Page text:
Parker McCollum Has a “Handle On” His Music and Upcoming Album—“It’s the Same Ole’ Me”

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Videos by American Songwriter

I tell myself that I should quit but I don’t listen to drunks—a line from Parker McCollum’s latest single “Handle on You” that is exactly the type of wink-of-the-eye lyricism that has the country world falling prey to his charms and clinching him titles like “the next George Strait”— though he’d probably roll his eyes at the comparison. 

Despite his runaway success, McCollum remains the picture of a southern gentleman, entering rooms with a string of “yes ma’ams” and “no sirs” in his wake. He seems to deflect any mention of his impending superstardom and instead leads with the notion that he is still the same guy he was back in Texas, disgruntled about last night’s game and dreaming of taking a stroll around the family farm.  

He released his major label debut, Gold Chain Cowboy, in 2021 to critical acclaim. Featuring tales about, as he puts it, “love gone terribly wrong,” the album was one hell of an introduction for McCollum and only drove up the appetite for more from the Limestone Kid. 

But worry not, McCollum has already started to tease his follow-up project. Though the impending album is still unnamed, we do have an inkling as to what it will sound like via “Handle On You,” which presumably will act as the lead single for the work. 

“I was fresh outta ideas at the time I wrote ‘Handle on You,’ he tells American Songwriter. “All I had was a melody that I’d been throwing around a little bit, but I didn’t think a whole lot of it.”

That melody eventually became this mid-tempo rocker about drinking away your sorrows. He sings in the chorus, Tennessee and Kentucky ’cause you ain’t here to love me / I drink now that there’s nothing to lose / I’ve been fightin’ with your memory, I hate the way it hits me / I wake up every day, black and blue / After all this back and forth, a fifth won’t do / Yeah, I finally got a handle, finally got a handle on you.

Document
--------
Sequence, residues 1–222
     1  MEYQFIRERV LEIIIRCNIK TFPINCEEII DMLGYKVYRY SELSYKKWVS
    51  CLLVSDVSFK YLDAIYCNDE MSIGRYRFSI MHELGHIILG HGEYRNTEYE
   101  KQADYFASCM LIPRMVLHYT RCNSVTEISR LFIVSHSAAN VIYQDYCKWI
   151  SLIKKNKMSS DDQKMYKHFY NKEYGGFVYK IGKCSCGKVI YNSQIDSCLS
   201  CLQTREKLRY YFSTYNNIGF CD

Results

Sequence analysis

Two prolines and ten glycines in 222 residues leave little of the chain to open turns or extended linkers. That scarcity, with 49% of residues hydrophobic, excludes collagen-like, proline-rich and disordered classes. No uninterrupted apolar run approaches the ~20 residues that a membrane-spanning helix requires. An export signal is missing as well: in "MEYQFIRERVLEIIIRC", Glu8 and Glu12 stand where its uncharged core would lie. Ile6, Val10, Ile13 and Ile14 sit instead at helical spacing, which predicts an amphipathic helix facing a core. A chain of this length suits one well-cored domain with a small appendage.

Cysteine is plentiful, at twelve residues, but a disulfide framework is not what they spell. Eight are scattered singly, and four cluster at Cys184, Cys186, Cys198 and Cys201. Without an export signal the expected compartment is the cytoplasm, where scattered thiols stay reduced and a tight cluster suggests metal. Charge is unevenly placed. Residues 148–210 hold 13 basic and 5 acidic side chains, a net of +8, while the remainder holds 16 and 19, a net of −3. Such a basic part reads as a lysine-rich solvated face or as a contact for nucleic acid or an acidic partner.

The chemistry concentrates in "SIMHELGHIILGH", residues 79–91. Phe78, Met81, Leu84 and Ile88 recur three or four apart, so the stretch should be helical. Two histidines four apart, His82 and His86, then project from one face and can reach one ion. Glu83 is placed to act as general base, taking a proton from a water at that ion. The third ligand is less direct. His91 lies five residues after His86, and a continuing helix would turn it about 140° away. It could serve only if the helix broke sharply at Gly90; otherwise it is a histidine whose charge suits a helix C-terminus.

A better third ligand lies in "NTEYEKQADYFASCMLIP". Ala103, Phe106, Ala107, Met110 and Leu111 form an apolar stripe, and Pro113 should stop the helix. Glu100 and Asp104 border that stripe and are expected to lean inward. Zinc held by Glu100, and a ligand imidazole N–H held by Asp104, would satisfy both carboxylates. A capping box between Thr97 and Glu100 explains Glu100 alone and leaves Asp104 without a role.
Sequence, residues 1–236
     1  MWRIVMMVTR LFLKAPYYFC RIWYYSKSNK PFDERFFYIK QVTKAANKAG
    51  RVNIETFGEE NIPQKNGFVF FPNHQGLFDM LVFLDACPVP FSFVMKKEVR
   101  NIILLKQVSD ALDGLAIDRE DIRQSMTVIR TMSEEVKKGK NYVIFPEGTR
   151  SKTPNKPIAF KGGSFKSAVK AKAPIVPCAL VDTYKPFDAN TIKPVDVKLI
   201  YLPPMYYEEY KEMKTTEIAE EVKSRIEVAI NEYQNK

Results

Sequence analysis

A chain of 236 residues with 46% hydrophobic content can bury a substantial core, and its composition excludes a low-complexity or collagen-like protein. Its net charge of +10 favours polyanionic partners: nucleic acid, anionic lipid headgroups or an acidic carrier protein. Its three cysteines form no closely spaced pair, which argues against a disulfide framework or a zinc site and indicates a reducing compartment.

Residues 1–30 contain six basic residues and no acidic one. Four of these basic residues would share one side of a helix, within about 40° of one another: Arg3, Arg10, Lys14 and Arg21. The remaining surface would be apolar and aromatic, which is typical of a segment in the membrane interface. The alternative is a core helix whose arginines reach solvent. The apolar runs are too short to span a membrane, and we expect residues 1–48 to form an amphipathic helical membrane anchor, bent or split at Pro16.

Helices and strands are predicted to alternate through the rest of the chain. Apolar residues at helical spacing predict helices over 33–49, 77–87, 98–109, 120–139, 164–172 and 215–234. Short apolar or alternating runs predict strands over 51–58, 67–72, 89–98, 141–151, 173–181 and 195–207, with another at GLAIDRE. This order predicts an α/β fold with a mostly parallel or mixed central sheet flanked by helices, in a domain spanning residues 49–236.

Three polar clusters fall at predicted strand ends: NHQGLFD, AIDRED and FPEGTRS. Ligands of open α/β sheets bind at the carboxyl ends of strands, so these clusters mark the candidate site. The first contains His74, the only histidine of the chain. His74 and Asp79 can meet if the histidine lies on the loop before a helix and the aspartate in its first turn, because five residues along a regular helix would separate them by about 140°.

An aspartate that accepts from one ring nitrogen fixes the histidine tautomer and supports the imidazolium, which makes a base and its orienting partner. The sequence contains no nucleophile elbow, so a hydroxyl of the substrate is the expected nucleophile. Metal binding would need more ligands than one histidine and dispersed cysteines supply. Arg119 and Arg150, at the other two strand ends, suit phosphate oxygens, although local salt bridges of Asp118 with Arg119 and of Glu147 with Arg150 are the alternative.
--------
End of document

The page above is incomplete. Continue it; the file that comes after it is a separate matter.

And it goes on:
“When it came time to cut the record, it was the first song I wanted to lay down in the studio. To see how well it’s doing is unbelievable,” he adds. 

As far as the rest of the album is concerned, McCollum promises that what fans have come to love and know from him won’t be going away any time soon, but at the same time, he won’t shy away from adding in a few curve balls once in a while. 

“It’s the same ole’ me: heartbreak, love songs, and everything going terribly wrong,” he says. “I’ve tried to write about love going right but, it’s not as fun.” 

He continues, “When I was recording this album, I tried to throw in a couple of different things. I just didn’t want to be pigeonholed into a certain sound or certain style. I give them 10 or 12 songs of what they expect and then one or two that come out of left field.”

Looking back on Gold Chain Cowboy, the uncontested standout from the record, “Pretty Heart,” almost didn’t make the cut. When he first sussed out this slow-burning ballad he felt it wasn’t strong enough. It now bolsters the weight of more than 100 million streams and counting.

“I have a whole album called Probably Wrong and it’s still true to this day,” he jokes.

Though “Pretty Heart,” is leading the pack, the rest of the record is boasting similar success. Whether it’s the ’90s country groove of “To Be Loved By You” or the ’80s rock pastiche in “Falling Apart,” the album has much to chew on and leaves the listener with a bittersweet after taste as he weaves in and out of deeply relatable heartache songs.

McCollum has been bringing the album to life over the last year, playing arenas around the country alongside the likes of Thomas Rhett and even Strait himself—the latter of which was a childhood dream come true for McCollum.

“He’s top two of all time for me,” he says. “I can’t remember a time I wasn’t listening to him. So when he asked us to open for him it was a no-brainer.”

The rest of the year, and into next, will see McCollum continuing his trek across the country. Find his tour dates, HERE.

Though he may not want to be compared to Strait or any other enduring icon, McCollum certainly has the makings of someone who will be sticking around in the country zeitgeist for quite some time.

Photo by Tyler Conrad / Courtesy True PR

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